YANSS Podcast – Episode Eight – The Psychology of Video Games

The Topic: Video Games

The Guest: Jamie Madigan

The Episode: Download – iTunes – Stitcher – RSS – Soundcloud

Last of Us Friend or Foe

A scene from “The Last of Us”

“The Last of Us” is a video game, a work of interactive art, and a question will arise in the back of your mind while playing, “What would I do in this situation?” and the answer will make you feel emotions no other art form can elicit.

The game is set in a post-apocalyptic United States, 20 years after the fall of mankind, in a world nature has mostly reclaimed, where resources are few and trust is scarce. Hope is the commodity in shortest supply. Most everyone has given up on rebuilding the old world. This is just how it is now. Every encounter with strangers pings that most primal of judgments under uncertainty: “Is this a potential friend or foe?”

Familiar? Sure, it’s a theme being explored all over in fiction. Something in the zeitgeist has us fretting over these things again, but in a game you have the opportunity to actually test yourself in a virtual reality, to see what you would do when the stakes are as high as possible. Would you trust others? Would you help strangers? Would you kill to survive?

In addition, “The Last of Us” explores something the gaming world calls ludonarrative dissonance. Many modern games have detailed stories with great writing and well-acted scenes interspersed between what amounts to bursts of mass murder. It can make a player feel like his or her agency in the world has been stolen by the storyteller, that the characters you are asked to portray live in two realities, one you control and one you do not. This can feel really off-putting when the characters are jaunty, smarmy, and noble in the cutscenes, but then you are asked to use those people to do terrible things. In an effort to solve this problem, Naughty Dog, the developers of “The Last of Us”, crafted an experience where you and the character feel justified when pushed to do harm, but afterward you, the gamer, feel disgusted with yourself and horrified by the power of the situation to change your behavior and shift your moral center. You find yourself quickly learning to avoid violence – a behavior I was astonished to see evoked in myself inside a game world, and was thrilled to experience. That’s something you won’t get watching “Breaking Bad.”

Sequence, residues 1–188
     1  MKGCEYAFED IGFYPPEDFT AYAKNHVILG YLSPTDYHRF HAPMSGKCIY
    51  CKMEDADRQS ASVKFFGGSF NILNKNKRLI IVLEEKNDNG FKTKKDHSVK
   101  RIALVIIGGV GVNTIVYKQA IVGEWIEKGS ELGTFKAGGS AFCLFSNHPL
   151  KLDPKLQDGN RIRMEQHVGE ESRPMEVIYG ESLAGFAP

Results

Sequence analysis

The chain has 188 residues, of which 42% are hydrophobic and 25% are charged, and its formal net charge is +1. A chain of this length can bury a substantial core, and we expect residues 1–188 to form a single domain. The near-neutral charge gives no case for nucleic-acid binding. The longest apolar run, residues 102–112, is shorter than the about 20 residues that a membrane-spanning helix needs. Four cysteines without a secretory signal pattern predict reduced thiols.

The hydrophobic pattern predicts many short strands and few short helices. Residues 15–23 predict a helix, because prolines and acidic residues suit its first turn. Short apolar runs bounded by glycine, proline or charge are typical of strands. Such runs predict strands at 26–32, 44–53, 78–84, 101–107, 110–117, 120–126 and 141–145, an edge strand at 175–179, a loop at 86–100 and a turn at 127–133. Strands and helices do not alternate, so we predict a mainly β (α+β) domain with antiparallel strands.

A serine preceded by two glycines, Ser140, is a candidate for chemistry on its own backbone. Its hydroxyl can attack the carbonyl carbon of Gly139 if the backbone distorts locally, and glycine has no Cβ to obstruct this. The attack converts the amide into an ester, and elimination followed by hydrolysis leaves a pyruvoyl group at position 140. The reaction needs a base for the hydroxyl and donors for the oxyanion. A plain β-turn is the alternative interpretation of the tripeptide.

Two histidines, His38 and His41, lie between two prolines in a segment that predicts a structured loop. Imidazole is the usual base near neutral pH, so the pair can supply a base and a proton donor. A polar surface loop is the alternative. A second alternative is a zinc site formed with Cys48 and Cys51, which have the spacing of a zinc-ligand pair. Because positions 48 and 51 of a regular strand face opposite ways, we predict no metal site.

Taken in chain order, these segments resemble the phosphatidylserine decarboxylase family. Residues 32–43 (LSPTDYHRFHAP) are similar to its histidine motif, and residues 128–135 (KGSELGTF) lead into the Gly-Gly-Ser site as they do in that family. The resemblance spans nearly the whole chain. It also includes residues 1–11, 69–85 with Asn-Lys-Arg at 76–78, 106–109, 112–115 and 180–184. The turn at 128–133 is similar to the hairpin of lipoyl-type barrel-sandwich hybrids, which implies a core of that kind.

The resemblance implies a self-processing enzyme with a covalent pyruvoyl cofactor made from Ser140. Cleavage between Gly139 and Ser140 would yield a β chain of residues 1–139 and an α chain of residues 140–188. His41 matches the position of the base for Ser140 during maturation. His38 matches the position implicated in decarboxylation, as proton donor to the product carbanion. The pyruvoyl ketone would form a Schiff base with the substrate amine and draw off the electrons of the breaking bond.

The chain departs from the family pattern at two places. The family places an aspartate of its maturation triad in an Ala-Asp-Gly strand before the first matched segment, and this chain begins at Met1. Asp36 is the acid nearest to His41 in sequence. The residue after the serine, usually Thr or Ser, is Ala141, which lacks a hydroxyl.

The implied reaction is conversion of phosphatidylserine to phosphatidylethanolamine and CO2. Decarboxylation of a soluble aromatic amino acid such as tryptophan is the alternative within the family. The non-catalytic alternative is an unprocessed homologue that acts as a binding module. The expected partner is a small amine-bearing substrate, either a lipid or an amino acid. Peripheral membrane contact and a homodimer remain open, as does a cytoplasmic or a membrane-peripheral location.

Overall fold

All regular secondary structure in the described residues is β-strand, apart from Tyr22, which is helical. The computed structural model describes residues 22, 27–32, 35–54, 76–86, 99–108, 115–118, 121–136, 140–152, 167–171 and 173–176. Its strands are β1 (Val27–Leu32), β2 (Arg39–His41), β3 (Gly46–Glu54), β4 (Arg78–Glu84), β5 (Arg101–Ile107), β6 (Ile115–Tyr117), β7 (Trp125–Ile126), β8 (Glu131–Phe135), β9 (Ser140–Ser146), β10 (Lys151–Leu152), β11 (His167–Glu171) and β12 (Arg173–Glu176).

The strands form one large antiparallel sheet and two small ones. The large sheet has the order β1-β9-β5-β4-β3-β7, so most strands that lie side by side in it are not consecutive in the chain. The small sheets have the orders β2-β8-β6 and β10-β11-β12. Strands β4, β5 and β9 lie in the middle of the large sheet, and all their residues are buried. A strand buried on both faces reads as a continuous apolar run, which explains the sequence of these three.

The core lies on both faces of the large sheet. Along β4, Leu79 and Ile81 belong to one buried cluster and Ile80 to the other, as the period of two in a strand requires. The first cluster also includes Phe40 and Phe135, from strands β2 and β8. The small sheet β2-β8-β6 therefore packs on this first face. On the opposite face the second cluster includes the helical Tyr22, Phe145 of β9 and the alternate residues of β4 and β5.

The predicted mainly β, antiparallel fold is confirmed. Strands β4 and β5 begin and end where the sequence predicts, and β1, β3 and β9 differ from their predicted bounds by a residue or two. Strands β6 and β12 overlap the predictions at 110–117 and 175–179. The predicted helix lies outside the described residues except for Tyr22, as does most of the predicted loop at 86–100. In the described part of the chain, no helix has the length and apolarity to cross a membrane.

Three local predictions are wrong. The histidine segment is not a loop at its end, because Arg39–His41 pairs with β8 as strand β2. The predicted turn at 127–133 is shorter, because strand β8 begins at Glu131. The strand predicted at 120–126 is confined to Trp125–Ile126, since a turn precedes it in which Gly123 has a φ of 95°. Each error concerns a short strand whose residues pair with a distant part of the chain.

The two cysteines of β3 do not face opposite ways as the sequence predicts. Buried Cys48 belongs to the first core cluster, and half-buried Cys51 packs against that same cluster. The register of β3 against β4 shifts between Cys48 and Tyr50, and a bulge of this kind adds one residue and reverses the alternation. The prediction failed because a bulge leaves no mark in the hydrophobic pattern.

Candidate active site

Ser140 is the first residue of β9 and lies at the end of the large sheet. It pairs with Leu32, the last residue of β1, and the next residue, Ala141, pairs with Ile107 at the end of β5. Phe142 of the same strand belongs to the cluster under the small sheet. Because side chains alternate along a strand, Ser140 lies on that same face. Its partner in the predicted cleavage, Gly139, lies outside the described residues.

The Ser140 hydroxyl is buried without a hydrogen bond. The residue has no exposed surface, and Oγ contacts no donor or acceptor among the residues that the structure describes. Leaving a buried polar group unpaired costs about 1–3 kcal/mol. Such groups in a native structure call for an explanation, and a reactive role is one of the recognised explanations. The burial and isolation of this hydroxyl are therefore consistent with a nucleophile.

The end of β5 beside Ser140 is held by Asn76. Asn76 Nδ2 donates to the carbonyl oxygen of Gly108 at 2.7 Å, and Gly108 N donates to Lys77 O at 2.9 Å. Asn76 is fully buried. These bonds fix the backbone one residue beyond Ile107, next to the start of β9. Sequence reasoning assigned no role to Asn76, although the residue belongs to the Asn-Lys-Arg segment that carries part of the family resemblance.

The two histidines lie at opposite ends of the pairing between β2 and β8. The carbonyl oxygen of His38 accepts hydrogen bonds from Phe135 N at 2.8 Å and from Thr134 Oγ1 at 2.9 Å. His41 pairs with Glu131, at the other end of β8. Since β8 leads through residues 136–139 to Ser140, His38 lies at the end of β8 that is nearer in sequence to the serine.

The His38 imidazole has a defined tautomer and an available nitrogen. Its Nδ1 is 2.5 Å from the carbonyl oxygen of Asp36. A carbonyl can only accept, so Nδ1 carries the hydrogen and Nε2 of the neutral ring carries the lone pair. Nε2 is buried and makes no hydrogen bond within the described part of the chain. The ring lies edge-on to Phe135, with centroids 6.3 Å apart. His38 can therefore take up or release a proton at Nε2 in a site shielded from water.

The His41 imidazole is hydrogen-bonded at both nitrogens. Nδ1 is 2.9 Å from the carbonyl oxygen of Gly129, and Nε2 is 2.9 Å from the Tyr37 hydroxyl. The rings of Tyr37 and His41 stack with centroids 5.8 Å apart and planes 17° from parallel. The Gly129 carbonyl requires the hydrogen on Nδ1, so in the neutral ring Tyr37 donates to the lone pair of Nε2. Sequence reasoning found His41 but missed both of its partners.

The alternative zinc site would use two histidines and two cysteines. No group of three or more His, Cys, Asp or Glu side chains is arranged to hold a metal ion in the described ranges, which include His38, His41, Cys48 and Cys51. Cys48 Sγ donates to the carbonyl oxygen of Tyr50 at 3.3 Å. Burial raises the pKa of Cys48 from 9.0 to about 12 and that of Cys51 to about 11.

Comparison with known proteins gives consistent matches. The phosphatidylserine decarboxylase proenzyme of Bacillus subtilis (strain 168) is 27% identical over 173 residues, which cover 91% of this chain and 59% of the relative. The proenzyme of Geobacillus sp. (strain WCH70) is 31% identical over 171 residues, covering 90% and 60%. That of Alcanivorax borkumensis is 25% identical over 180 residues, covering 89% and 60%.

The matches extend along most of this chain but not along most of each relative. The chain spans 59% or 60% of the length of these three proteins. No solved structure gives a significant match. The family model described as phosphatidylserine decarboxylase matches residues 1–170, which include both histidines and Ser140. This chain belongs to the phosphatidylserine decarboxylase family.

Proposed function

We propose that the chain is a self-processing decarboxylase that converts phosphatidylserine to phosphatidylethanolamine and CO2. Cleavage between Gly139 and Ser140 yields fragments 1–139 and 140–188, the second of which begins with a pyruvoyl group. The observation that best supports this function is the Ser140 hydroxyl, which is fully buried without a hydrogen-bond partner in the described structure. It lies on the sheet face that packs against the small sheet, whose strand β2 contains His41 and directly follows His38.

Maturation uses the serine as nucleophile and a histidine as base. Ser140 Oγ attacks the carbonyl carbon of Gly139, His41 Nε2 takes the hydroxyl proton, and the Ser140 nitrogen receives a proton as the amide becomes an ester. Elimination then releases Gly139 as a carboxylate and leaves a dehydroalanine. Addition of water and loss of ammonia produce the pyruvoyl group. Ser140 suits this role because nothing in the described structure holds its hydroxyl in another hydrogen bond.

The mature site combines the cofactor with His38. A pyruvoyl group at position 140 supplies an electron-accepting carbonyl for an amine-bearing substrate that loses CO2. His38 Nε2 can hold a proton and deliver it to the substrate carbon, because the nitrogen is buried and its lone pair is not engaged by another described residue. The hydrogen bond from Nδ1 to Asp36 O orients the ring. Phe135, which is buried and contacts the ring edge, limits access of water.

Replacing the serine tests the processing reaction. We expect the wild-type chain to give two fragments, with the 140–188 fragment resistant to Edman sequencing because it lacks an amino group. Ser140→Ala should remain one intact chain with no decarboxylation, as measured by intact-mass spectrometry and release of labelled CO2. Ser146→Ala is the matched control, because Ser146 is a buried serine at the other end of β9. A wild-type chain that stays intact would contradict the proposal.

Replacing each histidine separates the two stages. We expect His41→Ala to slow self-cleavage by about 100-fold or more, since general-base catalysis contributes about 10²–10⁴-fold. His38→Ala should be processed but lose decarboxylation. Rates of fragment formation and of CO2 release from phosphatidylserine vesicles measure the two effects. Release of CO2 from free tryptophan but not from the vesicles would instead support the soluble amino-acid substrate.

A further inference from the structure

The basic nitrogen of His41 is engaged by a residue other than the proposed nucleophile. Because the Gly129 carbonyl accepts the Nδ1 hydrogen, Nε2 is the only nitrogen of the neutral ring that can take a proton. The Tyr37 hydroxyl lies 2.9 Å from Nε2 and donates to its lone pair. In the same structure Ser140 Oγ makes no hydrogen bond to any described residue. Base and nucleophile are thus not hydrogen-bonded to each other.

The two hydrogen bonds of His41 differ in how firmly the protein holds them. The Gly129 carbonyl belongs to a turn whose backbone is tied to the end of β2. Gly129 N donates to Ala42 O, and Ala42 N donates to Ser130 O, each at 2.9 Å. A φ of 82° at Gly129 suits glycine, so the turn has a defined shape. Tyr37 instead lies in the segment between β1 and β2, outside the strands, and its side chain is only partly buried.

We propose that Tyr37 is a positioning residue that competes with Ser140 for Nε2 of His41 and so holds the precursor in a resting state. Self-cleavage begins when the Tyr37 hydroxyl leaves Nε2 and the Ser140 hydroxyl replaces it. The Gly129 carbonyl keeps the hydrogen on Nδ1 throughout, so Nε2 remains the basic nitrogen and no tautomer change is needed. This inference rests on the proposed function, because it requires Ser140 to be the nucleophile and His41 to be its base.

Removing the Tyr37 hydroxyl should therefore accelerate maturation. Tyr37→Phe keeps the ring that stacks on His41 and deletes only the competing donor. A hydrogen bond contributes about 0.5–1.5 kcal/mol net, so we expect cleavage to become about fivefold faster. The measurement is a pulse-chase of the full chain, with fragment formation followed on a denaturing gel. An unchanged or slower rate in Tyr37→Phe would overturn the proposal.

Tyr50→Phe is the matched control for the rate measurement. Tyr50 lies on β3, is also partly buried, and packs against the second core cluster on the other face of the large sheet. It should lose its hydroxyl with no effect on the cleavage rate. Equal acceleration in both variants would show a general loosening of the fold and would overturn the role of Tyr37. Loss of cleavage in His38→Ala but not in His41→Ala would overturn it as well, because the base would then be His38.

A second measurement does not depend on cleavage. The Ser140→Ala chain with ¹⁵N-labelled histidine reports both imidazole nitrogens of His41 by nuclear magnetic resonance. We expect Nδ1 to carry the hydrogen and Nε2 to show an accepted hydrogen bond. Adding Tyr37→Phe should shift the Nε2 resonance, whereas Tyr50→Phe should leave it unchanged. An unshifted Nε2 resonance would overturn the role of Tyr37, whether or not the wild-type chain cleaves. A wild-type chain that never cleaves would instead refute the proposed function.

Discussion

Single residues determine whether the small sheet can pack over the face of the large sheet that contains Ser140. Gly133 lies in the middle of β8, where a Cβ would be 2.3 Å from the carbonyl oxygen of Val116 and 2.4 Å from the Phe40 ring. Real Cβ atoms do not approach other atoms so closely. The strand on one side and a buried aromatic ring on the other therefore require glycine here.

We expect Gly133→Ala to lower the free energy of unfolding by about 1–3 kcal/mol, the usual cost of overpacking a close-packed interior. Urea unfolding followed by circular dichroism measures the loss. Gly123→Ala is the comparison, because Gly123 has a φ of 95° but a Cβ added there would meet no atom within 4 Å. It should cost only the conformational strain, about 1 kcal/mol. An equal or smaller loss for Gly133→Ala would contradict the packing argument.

Watch a teaser trailer showing a friend-or-foe scenario here: Link

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In this episode of the YANSS podcast, we explore games and their potential to reveal our self delusions. I interview Jamie Madigan, the curator of psychologyofgames.com, who writes about the behaviors and cognitions that games both exploit and uncover. It’s a great interview. We discuss everything from the motivational nudging in “Candy Crush Saga” to the power of endowed progress when endorsing people on LinkedIn. Please forgive us for geeking out so hard during it. I promise, non-gamers will learn plenty in this episode. Links to the things mentioned in the episode are at the bottom of this post.

After the interview, as in every episode, I read a bit of self delusion news and taste a cookie baked from a recipe sent in by a listener/reader. That listener/reader wins a signed copy of the new book, You Are Now Less Dumb, and I post the recipe on the YANSS Pinterest page. This episode’s winner is Violet Sinnarkar who submitted a recipe for white chocolate oatmeal cookies. Send your own recipes to david {at} youarenotsosmart.com.

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White Chocolate Oatmeal Cookies

Links:

Download – iTunes – Stitcher – RSS – Soundcloud

Boing Boing Podcasts

Psychology of Games

Papers, Please

Spent

Newsgaming

Underground Railroad Game

The Walking Dead 

Narco Guerilla 

The Last of Us

Candy Crush Youtube Video 1

Candy Crush Youtube Video 2

Candy Crush Youtube Video 3

Candy Crush Youtube Video 4

The study concerning the cognitive load of poverty

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The Sunk Cost Fallacy

The Misconception: You make rational decisions based on the future value of objects, investments and experiences.

The Truth: Your decisions are tainted by the emotional investments you accumulate, and the more you invest in something the harder it becomes to abandon it.

You can learn a lot about dealing with loss from a video game called Farmville.

You have probably heard of this game. In 2010, one in five Facebook users had a Farmville account. The barrage of updates generated by the game annoyed other users so much it forced the social network to change how users sent messages. At its peak, 84 million people played it, a number greater than the population of Italy.

Farmville has shrunk since then. About 50 million people were still playing in early 2011 – still impressive considering the fantasy megagame World of Warcraft boasts about a quarter as many players.

So, it must be really, really fun. A game with this many players must promise potent, unadulterated joy, right? Actually, the lasting appeal of Farmville has little to do with fun. To understand why people commit to this game and what it can teach you about the addictive nature of investment, you must first understand how your fear of loss leads to the sunk cost fallacy.

Continue reading

Extinction Burst

The Misconception: If you stop engaging in a bad habit, the habit will gradually diminish until it disappears from your life.

The Truth: Any time you quit something cold turkey, your brain will make a last-ditch effort to return you to your habit.

Source: Corie Howell

You’ve been there.

You get serious about losing weight and start to watch every calorie. You read labels, stock up on fruit and vegetables, hit the gym.